A new research project led by Nathan Brown, assistant professor of architectural engineering at Penn State, is working to prove how designers could incorporate structural acoustic-optimized concrete slabs in building designs, cutting costs, reducing materials and decreasing the environmental footprint… without compromising areas like acoustics or structural properties.
“If we put innovative ‘optimized’ floor systems in buildings, we might save material and thus cut costs and reduce environmental impact. Yet, if we ignore things like the acoustics early in design, issues that pop up later, during or after construction, might have to be mitigated in a way that cancels out the benefits,” Brown explained. “Our research aims to allow architects and engineers to understand and develop floor designs that achieve all their goals upfront, while still reducing cost and helping the environment.”
Brown noted there has been a lot of interesting research lately on how to minimize the use of construction materials in buildings. Using less material in floors is a viable strategy for improving sustainability in buildings, as it can reduce the structure’s environmental footprint. Prioritizing only this goal, however, can lead to unwanted effects — such as an echo in a room or noise traveling between floors.
“Our research aims to allow architects and engineers to understand and develop floor designs that achieve all their goals upfront, while still reducing cost and helping the environment.”
“Around the world, concrete floor systems make up a large percentage of the material and subsequent embodied carbon that goes into buildings, and people are figuring out how to reduce that impact. Yet as we ‘carve away’ material from floors during design, there are potentially negative consequences we want to avoid, such as poor acoustics in multi-tenant buildings,” Brown said. “My research involves creating, testing and applying computational tools that help building designers manage trade-offs like this, so it was naturally something we wanted to study.”
To begin their investigation, Brown’s team used 3D modeling software to create shaped concrete slabs made up of many curves, connected by movable control points. By providing the program with parameters to follow when moving these points, the researchers allowed the software to generate a variety of possible designs with realistic, customized constraints. Brown and the other researchers then analyzed structural properties, for meeting building engineering standards and acoustic properties, for minimizing undesirable sounds.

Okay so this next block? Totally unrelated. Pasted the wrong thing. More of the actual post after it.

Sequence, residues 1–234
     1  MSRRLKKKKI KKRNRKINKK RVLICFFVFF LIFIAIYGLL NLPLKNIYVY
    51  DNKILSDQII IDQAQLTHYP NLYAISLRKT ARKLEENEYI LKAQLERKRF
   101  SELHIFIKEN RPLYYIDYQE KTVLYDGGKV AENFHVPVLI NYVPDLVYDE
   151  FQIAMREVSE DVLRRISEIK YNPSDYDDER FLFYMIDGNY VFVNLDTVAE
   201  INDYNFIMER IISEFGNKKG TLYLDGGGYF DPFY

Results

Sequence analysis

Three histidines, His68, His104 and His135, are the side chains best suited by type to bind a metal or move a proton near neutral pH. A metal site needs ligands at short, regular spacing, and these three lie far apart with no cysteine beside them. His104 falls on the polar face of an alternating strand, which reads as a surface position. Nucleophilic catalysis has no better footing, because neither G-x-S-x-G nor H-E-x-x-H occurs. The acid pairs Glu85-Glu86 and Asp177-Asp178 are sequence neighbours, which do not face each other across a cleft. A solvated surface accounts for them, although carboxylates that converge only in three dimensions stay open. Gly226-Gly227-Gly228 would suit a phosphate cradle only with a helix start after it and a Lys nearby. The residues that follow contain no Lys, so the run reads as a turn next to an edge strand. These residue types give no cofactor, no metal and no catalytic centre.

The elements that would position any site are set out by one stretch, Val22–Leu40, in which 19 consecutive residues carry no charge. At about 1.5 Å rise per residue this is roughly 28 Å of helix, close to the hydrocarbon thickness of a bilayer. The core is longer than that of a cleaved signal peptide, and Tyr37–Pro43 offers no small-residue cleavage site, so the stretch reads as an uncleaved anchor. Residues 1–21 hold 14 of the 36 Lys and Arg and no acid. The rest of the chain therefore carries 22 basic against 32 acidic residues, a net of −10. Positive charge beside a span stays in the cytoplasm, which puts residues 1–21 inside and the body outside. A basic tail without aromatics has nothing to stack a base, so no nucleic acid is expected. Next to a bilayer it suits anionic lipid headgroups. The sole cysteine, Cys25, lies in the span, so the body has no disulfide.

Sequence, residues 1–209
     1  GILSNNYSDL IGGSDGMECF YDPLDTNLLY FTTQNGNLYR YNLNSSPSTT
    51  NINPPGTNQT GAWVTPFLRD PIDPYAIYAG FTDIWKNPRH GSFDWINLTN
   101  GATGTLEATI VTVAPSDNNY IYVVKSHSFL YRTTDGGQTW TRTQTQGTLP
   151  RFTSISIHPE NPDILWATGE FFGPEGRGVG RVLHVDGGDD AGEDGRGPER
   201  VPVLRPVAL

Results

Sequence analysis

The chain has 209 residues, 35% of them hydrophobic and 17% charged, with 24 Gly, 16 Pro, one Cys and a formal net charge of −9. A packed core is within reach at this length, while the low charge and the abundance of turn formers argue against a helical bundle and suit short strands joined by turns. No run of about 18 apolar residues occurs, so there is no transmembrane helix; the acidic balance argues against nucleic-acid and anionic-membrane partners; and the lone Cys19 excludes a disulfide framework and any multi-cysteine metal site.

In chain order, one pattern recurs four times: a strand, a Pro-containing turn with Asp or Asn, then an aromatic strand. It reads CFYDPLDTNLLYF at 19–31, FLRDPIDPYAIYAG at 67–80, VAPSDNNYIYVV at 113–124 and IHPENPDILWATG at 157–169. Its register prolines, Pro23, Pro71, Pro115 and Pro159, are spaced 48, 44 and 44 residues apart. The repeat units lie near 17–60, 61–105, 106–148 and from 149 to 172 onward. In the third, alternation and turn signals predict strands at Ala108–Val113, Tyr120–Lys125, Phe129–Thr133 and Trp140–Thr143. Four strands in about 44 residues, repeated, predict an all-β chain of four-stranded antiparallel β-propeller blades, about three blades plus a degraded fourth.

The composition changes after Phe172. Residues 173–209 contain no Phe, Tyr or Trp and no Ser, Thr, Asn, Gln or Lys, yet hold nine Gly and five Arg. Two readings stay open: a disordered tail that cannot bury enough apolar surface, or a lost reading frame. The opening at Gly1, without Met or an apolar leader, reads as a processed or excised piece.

“Basic physics dictates what makes a good floor shape. Stiffer, more massive shapes are better at blocking sound, while spreading out material to the top and the bottom of a structure’s cross section usually leads to a more materially-efficient shape. That’s why you often see I-beams in steel or deep beams in concrete,” Brown explained. “Our research concentrates on finding new shapes that range from heavier to lighter, depending on where exactly material needs to go based on performance requirements. The resulting optimal structures often involve curved floor undersides, which are difficult to build using traditional formwork, but are increasingly possible with digital fabrication.”
The study relied on design space exploration techniques such as sampling, multi-objective optimization and constrained optimization to find broad structural-acoustic trends, identify a Pareto front, and identify the best performing shaped slabs at varying acoustic performance levels.
Brown noted that the Penn State Department of Architectural Engineering provided financial and equipment resources to make this work happen. Brown and his team’s project involved constructing scale models of optimized floors for validation, which were fabricated with the help of a local contractor and are being tested in Penn State labs. The findings of the study were then published in the March edition of the Journal of Architectural Engineering by Brown; Micah Shepherd; a research associate in the Applied Research Laboratory and graduate program in acoustics at Penn State; and Jonathan Broyles, a student in the Penn State Department of Architectural Engineering.
“Penn State is a wonderful research community with expertise across many subjects.”
“Penn State is a wonderful research community with expertise across many subjects,” Brown said. “While I concentrate mostly on computational design methods for building structures, this work would not have been possible without Penn State collaborators with deep knowledge of acoustic behavior, including structural acoustician Micah Shepherd.”
The implications of this research study are limitless, as the desire to reduce the carbon footprint of buildings without compromising their acoustic properties or other structural properties continues to grow.
“During this project we realized that floors, or horizontal spanning structures more generally, do a lot beyond holding people up. They block sound, but they can also store energy, act as a radiator to affect thermal comfort in a space or serve as a thermal insulated barrier between [the] inside and outside,” Brown said. “We have begun looking at all of these potential tradeoffs together. Outside of floors, my group also considers how the structural design of buildings and building components might be affected by energy considerations, a desire for access to daylight and constructability.”
For more information on Nathan Brown and his research, visit https://www.bdg-psu.org/.